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anonymous

  • 5 years ago

Solve the differential equation by separation of variables y ln x (dx/dy) = (y+1/x)^2

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  1. anonymous
    • 5 years ago
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    If this got posted twice sry my tablet works funny on this site

  2. anonymous
    • 5 years ago
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    Is it a case where you don't know how to separate it, or do the actual integration?

  3. anonymous
    • 5 years ago
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    \[y \log x \frac{dy}{dy}=\left( \frac{y+1}{x} \right)^2 = \frac{(y+1)^2}{x^2} \rightarrow \frac{y}{(y+1)^2}dy=\frac{dx}{x^2 \log x}\]

  4. anonymous
    • 5 years ago
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    The fraction in y can be decomposed:\[\frac{y}{(y+1)^2}=\frac{1}{y+1}-\frac{1}{(y+1)^2}\]

  5. anonymous
    • 5 years ago
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    Damn...I misread dx/dy as dy/dx...hang on...

  6. anonymous
    • 5 years ago
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    It's simpler:\[y \log x \frac{dx}{dy}=\frac{(y+1)^2}{x^2} \rightarrow x^2 \log x dx = \frac{(y+1)^2}{y}dy\]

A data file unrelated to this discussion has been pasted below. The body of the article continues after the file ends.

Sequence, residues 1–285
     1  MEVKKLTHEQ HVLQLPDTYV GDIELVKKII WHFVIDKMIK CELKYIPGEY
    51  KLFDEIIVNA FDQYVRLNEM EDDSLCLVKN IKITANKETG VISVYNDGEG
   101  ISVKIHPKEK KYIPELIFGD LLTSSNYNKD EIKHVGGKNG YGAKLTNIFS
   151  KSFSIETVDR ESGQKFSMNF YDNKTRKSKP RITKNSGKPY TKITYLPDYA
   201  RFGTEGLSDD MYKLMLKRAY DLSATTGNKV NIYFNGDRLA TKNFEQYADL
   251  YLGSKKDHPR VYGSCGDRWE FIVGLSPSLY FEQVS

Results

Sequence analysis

7. anonymous
    • 5 years ago
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    For the left-hand side, make a substitution, u = log(x), then\[x=e^u \]and also\[dx = e^u du\]The right-hand side becomes:\[\int\limits_{}{}x^2 \log x dx = \int\limits_{}{}(e^{u})^2u.e^udu=\int\limits_{}{}u e^{3u}du\]This can be solved using integration by parts a couple of times (selecting u as your 'u' and e^u as your 'dv') to give\[\frac{e^{3u}}{3}(u-\frac{1}{3})+c=\frac{x^3}{3}(\log x - \frac{1}{3})+c\]

  8. anonymous
    • 5 years ago
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    The right-hand side becomes:\[\int\limits_{}{}\frac{(y+1)^2}{y}dy=\int\limits_{}{}\frac{y^2+2y+1}{y}dy=\int\limits_{}{}y + 2 + \frac{1}{y}dt=\frac{y^2}{2}+2y+\log y + c\]The constants are not necessarily this same, even though I've used c twice. Your solution is then\[\frac{y^2}{2}+2y+\log y = \frac{x^3}{3}(\log x - \frac{1}{3})+c\]

  9. anonymous
    • 5 years ago
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    Leave it like this.

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